Ackerman helps reunite Korean girl with family

Ackerman helps reunite Korean girl with family
U.S. Rep. Gary Ackerman (r.) joins Joanne Lee (second from r.) and her family at a news conference announcing that she has been reunited with her relatives after going through an immigration ordeal in South Korea. Photo by Connor Adams Sheets
By Connor Adams Sheets

U.S. Rep. Gary Ackerman (D-Bayside) introduced the Lees, a recently reunited family of South Korean immigrants, at his Bayside office Saturday afternoon, saying their case is an indication of how essential the proposed Dream Act immigration reform bill is.

Ackerman helped the Bayside family bring their daughter back to America after a series of mistakes and missteps by immigration officials left her stranded in South Korea.

“Today is a very happy occasion. Today we are announcing that we are reuniting a family that was separated due to a bureaucratic snafu,” he said. “This is a story about justice and injustice. It’s a story about how technicalities in the law come to the crossroads sometimes and affect families.”

Haeun Lee, 18, was born in South Korea, but has lived in America since her parents immigrated here when she was 10.

Lee, who also goes by the name Joanne, graduated from Townsend Harris High School in Flushing but was separated from her family after an immigration judge ruled that she was to be voluntarily deported after an immigration broker mishandled a green card application for her, according to Ackerman.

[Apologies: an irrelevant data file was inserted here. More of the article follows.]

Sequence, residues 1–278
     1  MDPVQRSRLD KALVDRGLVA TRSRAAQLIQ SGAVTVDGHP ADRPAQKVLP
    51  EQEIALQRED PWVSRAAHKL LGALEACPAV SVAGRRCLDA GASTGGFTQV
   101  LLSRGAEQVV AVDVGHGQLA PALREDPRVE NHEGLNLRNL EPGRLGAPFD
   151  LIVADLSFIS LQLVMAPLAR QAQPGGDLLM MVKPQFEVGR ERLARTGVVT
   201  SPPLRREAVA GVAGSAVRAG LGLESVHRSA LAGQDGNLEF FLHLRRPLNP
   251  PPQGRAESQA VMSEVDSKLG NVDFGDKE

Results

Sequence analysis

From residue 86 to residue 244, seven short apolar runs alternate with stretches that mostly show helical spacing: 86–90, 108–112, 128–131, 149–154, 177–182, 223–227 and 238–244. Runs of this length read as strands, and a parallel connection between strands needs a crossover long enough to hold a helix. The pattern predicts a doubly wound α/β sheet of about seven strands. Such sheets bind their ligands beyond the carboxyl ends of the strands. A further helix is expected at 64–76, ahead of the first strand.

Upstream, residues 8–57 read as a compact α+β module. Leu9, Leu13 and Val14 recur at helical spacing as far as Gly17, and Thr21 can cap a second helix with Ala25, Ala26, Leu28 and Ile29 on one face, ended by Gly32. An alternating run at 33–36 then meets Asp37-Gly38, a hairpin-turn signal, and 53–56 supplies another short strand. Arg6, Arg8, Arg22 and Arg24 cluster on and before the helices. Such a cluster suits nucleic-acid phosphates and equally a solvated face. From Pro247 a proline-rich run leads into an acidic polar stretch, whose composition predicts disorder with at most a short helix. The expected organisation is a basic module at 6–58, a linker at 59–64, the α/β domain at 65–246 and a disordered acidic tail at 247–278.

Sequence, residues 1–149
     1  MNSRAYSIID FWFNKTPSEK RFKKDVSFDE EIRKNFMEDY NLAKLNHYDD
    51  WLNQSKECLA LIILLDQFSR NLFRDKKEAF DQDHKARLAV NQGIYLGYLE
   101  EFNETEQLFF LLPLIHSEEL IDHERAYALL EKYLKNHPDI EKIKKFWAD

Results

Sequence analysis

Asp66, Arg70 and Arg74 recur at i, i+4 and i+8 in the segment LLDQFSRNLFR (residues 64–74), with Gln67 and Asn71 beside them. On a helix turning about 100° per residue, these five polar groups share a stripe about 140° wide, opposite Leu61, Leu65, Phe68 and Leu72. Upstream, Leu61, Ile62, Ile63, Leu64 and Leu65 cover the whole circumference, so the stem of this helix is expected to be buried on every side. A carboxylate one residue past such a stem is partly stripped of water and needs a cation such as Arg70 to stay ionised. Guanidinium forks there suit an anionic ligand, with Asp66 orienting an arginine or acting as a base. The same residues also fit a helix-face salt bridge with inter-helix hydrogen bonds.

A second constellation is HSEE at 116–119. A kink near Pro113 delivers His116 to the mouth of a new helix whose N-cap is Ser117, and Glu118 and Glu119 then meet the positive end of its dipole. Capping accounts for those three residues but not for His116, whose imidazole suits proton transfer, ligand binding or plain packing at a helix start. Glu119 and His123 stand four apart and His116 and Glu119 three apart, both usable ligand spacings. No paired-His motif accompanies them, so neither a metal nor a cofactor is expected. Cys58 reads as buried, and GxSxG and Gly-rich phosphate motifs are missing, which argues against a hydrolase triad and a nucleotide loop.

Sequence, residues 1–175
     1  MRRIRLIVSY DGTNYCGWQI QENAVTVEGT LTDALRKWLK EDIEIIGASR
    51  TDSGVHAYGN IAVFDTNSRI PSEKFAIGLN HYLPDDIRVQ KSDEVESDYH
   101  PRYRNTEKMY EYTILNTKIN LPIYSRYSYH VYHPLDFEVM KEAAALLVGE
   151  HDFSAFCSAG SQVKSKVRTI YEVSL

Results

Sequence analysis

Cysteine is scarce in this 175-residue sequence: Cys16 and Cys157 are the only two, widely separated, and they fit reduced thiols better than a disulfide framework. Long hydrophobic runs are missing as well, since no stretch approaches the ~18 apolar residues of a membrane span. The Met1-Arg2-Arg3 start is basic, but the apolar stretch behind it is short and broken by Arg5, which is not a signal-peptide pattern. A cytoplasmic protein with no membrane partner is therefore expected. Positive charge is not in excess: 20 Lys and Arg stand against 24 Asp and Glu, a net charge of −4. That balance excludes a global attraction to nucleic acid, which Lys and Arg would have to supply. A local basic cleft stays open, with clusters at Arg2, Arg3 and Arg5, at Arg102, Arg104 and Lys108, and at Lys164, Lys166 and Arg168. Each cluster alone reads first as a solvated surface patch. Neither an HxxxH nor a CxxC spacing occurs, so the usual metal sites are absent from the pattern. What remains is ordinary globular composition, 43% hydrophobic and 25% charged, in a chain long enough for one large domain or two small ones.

She followed the order and flew to South Korea Aug. 13 under the guidance of an immigration counselor who Ackerman said “passed himself off as a lawyer and also screwed up all the paperwork.”

Lee ended up stuck in Korea after she was denied re-entry to the United States on what Ackerman described as unfounded grounds, and Ackerman’s office intervened, securing her Aug. 23 return to America with the help of Lee’s pro-bono attorney, David Kim.

She arrived stateside again in time to begin classes at the City University of New York for biochemical engineering.

“I was stuck in Korea and I had no idea what I was doing,” Joanne Lee said. “I had no answers. I thought the world was going to end. I thought I was never going to see my friend and family again and I wasn’t going to get to go to school …. I just hope my story can help other people in similar situations to mine.”

That is exactly what Ackerman and Kim hope will happen. Ackerman is a supporter of the Dream Act, a bill that has passed the U.S. House of Representatives but is stuck in the U.S. Senate.

The bill would provide an opportunity for children of undocumented immigrants to earn permanent legal status by attending college or serving in the U.S. military as long as they meet a host of requirements, including learning English, having lived in America for at least five years at the time the bill is made law and having arrived in the United States through no choice of their own.

“What the Dream Act would do is provide legal status and a path to citizenship for these young people,” Ackerman said. “This would be so helpful to so many people who have been victims of injustice. We will work very hard to get this legislation enacted.”

Reach reporter Connor Adams Sheets by e-mail at [email protected] or by phone at 718-260-4538.

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